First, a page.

January 1, 2015

celebrating 2015

Just like in Manila where I was raised believing that food on the table on New Year's eve ensures a bountiful and blessed year, our celebration this year was as traditional as in the past years. Continuing the food tradition, we happily welcomed 2015 with a toast and enjoyed our quiet New Year's eve dinner at home.
Happy New Year to all !!!

a good start...a toast for another good year!

some round fruits for good luck

pandesal (Filipino rolls), cheese and my traditional sandwich
more round food ~ lumpia (springrolls) and sausage balls (below)


baked macaroni with bechamel topping
our New Year's eve table

brazo de mercedes dessert is shown on the bottom right
a slice of heavenly brazo de mercedes :-)

December 8, 2014

2014 holiday travels

It has been a busy holiday season for me. We spent a lovely Thanksgiving weekend with my husband's family for a yearly traditional family gathering. As soon as we got back home, I just had three days to do chores and other errands before I left again for Memphis to visit my aunt and uncle. It was also a good opportunity for me to see my brother before he left for Manila.

a few of my aunt's colorful Christmas decorations

a cute elf holding an apple garland
As soon as I got there, my aunt, with the help of my cousin, got busy decorating the house for a potluck dinner with her close friends. It was also a farewell party for a special guest, a well-known singer from the Philippines, who graced this year's Fil-Am Christmas Ball in Memphis. We had fun preparing for the party as well as meeting the special guest that evening. We were not informed that she's a dedicated vegan, so her options were limited, but the other guests were quite pleased with the menu.


As shown above, we had Christmas ham, pandesal (Filipino dinner rolls), whole wheat challah bread with sliced queso de bola (aged edam cheese popular in the Philippines during the Christmas season), a healthy salad assortment with quinoa, legumes and vegetables from Whole Foods (brought by one of the guests), my version of chop suey (chicken and vegetable stir-fry), crispy springroll wrappers drizzled with honey (my cousin's specialty) and fresh fruits on the dessert table. It was a happy event with family and friends.

December 1, 2014

baked chicken fajita


One of our dinner mainstays is fajitas. Whether it's made with beef or chicken, it's one of those quick no-fuss home cooked favorites. This was the first time I tried to bake fajitas and it proved to be even less work. I just marinated about 1 lb of chicken breast strips (chicken tenderloins may also be used) with a combination of minced garlic, cumin, chili powder, lime juice and 1 teaspoon salt for about an hour. Store-bought taco seasoning may also be used.


Slice up some red onion, red and green bell peppers into strips. Toss the vegetables with the marinated chicken strips. Bake at 375F for 45 minutes or until chicken is fully cooked. The vegetables retained their nice colors after baking. Garnish with sliced green onions.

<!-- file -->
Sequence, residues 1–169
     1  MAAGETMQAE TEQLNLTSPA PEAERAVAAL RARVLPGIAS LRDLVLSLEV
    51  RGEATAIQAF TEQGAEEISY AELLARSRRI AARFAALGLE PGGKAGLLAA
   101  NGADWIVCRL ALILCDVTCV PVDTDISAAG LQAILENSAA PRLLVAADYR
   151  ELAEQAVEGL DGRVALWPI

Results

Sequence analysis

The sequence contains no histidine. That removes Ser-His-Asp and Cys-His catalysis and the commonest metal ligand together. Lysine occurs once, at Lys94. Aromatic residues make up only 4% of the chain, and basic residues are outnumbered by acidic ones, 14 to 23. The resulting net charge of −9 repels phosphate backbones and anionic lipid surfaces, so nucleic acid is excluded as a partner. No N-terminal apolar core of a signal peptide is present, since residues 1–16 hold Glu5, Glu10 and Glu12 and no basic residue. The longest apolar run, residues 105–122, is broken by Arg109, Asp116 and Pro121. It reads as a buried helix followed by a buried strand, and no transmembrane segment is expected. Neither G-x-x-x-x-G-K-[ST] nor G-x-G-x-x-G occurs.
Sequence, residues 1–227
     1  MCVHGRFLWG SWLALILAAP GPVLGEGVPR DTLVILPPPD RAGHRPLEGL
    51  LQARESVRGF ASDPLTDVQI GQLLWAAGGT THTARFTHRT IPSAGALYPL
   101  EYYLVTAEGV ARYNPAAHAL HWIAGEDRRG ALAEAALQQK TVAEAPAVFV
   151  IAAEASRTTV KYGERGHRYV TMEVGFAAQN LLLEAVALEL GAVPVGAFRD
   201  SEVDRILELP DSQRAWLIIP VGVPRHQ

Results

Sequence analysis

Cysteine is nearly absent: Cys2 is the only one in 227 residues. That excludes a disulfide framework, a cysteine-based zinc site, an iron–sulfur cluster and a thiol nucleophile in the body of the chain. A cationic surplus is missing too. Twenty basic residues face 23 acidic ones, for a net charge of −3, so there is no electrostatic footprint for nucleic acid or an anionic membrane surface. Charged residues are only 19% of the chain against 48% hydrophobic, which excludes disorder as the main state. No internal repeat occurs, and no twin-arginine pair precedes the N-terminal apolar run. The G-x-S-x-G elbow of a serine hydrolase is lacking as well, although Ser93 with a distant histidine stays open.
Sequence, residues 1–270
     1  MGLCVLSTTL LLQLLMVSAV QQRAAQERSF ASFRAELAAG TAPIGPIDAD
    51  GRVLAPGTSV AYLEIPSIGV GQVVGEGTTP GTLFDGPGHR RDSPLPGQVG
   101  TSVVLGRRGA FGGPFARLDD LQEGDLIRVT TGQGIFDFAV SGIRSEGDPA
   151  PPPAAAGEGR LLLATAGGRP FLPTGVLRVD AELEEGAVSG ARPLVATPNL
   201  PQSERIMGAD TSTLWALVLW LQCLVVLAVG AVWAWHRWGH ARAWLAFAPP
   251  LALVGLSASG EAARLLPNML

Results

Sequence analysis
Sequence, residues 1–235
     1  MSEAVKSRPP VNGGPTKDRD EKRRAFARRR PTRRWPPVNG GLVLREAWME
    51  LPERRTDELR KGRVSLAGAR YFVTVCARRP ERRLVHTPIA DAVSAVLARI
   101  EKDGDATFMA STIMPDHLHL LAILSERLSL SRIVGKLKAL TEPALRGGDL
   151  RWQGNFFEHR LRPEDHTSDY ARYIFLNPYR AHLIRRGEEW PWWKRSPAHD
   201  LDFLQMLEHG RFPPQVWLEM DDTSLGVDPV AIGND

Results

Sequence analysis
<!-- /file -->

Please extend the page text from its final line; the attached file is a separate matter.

The baked chicken fajita as shown above served with corn tortillas, avodacos, sliced japapenos, chopped fresh cilantro and more sliced green onions. Any dinner time can be turned into a Mexican fiesta with this meal :-)

November 15, 2014

calamansi marmalade

Below are pictures and notes documenting my calamansi marmalade project from start to finish. Having harvested a bunch this year before the onset of cooler weather, I thought it would be a good opportunity to try making marmalade with them. I found a few helpful tips and recipes from other foodblogs and websites I read which served as my guide.


The finished product taste test as shown above. The canning jars, lids and rings were washed thoroughly with warm soapy water then sterilized in boiling water for 10-15 minutes before using. I let them air dry on a wire rack while cooking the marmalade. Served with some crackers and toasted slices of French bread, the calamansi marmalade had a good balance of sweetness and citrus flavor with a slight bitterness from the strips of calamansi peel. The distinct calamansi flavor in this marmalade was unlike any other citrus marmalades I've tried.

washing the calamansi under running water


Using a small knife, slice and juice the fruits removing the seeds (above). I separated the segments from the peel, however, this step is optional. Slice the peel into strips next. I later found out that it was better not to slice the peel too thinly as they almost melted while cooking. Add 3/4 cup of water to every cup of fruit. I simmered the juice with the peel and the pulp segments in two separate pots for 10-12 minutes. Then I strained the pulp into the juice to get maximum pectin. Refrigerate the mixture preferably overnight.